I think a *very* brief overview of ARGs (with links to appropriate resources, like The Game, and more in-depth explanation of ARG available on say, wikipedia, and then a summary of why hE is a perfect company to produce the pARG (previous experience, already known, etc etc), and then the "What we'll do with the funds we raise, and what happens after the initial funding" parts.

    I think that would do it for me, if I weren't already involved.
  5. Kle

    Kle Senior Agent

    Santiak has pretty much hit the nail on the head (as usual).

    I can't really add much to it at this point.
    2 people like this.
  6. Ugly

    Ugly Senior Agent

    I have probably backed more Kickstarter projects than an intelligent adult should... someday I'll grow up and be one of those. For me, once I feel like the concept is good (which I think others have covered getting across well), I then look at the quality of the Kickstarter itself to decide if I want to back. Generally, that comes down to:
    • Quality of assets on the page. Thermodo had a very nice, clean design. Everything was custom graphics, their rewards each had a nice graphic and text explanations, the stretch goals were all clear, and the only thing I think would have been nicer is skinning the headers like Ruse.

    • Early bird rewards. Not only is it a nice bonus to early adopters, it helps get over the initial hump of cash needed to look legitimate.

    • Stretch goals. Having something cool to look forward to and another reason to encourage friends to support so you get phat loot is always good.

    • Track record of the company. Make sure it's easy to quickly get a graphical overview of past work that is similar to what is being supported.

    • Regular updates. I don't expect much of an issue here :), especially now that you've gotten proof reader volunteers. Regular quality updates is a good sign that the creator will stay engaged. This applies even after the project is funded.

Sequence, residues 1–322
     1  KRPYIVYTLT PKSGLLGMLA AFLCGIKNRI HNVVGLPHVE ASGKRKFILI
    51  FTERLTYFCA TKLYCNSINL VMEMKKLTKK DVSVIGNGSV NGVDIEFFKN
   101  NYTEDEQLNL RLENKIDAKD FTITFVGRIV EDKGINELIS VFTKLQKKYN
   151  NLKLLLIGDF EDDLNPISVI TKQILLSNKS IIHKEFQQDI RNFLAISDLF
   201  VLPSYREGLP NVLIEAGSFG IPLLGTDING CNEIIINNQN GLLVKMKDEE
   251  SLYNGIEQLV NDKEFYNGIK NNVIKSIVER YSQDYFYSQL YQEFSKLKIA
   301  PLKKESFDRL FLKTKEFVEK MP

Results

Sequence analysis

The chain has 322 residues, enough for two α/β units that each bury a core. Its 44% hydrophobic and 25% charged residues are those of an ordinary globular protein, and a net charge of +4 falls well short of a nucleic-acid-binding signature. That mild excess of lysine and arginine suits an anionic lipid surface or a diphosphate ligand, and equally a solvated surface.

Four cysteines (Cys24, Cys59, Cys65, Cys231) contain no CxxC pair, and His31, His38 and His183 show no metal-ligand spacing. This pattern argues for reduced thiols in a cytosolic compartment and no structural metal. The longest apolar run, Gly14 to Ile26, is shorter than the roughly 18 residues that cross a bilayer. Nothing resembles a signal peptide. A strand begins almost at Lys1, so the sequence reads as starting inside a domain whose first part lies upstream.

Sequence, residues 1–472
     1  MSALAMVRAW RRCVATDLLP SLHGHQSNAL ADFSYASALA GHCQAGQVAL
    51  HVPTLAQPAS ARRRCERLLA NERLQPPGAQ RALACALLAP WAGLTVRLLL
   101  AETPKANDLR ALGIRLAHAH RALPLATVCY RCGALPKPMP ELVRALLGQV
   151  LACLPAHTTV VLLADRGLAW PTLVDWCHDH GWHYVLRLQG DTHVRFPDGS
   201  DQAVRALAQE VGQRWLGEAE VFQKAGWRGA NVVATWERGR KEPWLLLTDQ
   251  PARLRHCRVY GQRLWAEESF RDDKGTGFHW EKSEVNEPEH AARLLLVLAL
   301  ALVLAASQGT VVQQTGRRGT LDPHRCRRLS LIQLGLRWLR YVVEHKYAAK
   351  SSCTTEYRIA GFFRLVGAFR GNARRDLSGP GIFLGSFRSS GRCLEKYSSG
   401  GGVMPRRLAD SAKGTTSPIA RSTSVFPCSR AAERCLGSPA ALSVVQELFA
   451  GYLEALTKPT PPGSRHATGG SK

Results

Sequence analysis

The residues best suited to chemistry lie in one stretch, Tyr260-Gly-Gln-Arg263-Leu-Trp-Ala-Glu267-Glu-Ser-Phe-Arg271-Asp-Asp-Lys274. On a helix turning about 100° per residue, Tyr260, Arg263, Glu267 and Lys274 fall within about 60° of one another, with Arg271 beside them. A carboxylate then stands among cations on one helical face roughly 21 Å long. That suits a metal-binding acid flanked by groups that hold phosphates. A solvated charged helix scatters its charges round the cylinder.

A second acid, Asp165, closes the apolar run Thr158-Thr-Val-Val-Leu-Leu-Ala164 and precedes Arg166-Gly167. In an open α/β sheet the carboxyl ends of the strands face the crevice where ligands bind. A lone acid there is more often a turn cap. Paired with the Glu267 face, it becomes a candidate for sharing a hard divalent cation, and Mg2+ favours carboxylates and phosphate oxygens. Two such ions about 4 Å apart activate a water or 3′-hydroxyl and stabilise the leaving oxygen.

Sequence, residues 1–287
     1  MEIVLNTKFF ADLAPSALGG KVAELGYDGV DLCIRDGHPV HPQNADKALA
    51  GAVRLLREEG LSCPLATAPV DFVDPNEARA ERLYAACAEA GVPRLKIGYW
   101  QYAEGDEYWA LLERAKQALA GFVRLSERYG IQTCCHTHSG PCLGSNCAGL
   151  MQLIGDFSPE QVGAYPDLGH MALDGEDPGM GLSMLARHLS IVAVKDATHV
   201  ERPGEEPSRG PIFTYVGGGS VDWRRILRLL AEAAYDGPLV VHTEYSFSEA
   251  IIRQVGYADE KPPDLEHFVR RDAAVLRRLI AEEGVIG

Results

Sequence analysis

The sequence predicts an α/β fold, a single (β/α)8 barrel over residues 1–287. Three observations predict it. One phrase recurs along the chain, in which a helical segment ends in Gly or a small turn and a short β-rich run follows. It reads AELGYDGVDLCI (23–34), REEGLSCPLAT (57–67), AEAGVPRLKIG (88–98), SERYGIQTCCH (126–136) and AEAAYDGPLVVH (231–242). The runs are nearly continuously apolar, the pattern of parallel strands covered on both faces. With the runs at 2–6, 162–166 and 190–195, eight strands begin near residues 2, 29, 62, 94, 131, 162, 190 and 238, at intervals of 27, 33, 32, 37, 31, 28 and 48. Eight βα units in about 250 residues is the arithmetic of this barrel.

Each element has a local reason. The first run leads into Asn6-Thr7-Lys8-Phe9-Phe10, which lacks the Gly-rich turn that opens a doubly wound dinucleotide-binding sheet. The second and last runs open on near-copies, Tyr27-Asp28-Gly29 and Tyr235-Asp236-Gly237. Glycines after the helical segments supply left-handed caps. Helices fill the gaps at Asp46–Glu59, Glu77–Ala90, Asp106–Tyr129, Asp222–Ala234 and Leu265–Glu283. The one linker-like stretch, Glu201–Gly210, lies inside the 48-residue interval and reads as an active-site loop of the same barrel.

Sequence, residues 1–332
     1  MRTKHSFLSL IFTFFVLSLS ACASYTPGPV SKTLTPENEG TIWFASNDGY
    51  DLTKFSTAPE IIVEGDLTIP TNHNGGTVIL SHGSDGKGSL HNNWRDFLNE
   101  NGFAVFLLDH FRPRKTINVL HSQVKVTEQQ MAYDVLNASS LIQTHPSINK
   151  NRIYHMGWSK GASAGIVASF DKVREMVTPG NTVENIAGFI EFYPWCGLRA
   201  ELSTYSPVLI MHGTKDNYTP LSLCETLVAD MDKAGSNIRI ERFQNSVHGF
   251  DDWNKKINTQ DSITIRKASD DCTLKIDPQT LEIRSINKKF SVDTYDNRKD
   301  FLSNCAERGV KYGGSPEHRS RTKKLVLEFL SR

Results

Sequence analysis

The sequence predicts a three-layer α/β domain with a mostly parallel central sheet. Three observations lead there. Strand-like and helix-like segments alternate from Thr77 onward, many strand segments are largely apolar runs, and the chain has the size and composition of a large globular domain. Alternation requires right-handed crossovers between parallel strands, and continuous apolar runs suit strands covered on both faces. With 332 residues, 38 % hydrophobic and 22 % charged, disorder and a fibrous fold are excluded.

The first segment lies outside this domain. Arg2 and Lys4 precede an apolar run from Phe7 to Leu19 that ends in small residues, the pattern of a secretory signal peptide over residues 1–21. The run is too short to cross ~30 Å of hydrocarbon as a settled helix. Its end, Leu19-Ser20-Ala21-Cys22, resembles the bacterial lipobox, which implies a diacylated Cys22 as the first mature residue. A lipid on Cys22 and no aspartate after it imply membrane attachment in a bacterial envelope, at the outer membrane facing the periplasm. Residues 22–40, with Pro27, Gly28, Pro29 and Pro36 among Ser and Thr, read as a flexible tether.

7 people like this.
  7. nikel

    nikel Lab 1852 - Neurals

    Aight, some random thoughts that I don't think have been covered yet. Just throwing them down as I think of them.

    • People still think you are Funcom: Because of the initial advertising push and past ties, lots of people have no idea what they're talking about. Make the (non)relation to TSW clear, make the fact that you are Human Equation clear.

    • People think that ARG = LARP: Just read some of the comments on that article. 1) This is super condescending on their behalf. 2) They have no clue what the ARG entails. Just a refine the definition in relation to how the game will work. You can't please everyone, but you can at least open people up to the idea.

    • Kickstarter problems: I think that people are wary of kickstarting games right now, due to the Yogscast thing a few weeks ago, with impressively bad managing. Even the biggest names in kickstarter gaming have had to rethink their monetary strategy to afford completion. You aren't making a video game, so $2 million to make 3/4 of a game is not an issue a la Broken Age. But what you need to do:
      • Make it clear that Human Equation can make ARGs and has made ARGs before.
      • How much money you need, how the money is divided up (between game, publicity, management.) I don't think you need to get super specific here, but people want to know that their money won't be misused.
      • A clear 'Risks and Challenges' section. Don't just say that you're taking the project seriously, show it through the text and video that you have put mountains of thought into the game, both in ideal situations and less than ideal situations.
    That's all I have for now. I agree with everything above my post, especially Ugly's top 2 points. Clean assets and Early Bird Rewards.

    Edit: "you can't please anyone" good lord I need a day off.
    Last edited by a moderator: Jul 30, 2014
    9 people like this.
  8. Santiak

    Santiak MIA

    If we're not just giving feedback on the support video (in which regard I agree with the points made above by all parties), but also giving feedback on the Kickstarter page itself, I agree with both Ugly and Nikel; they are all excellent points to keep in mind when building the Kickstarter page.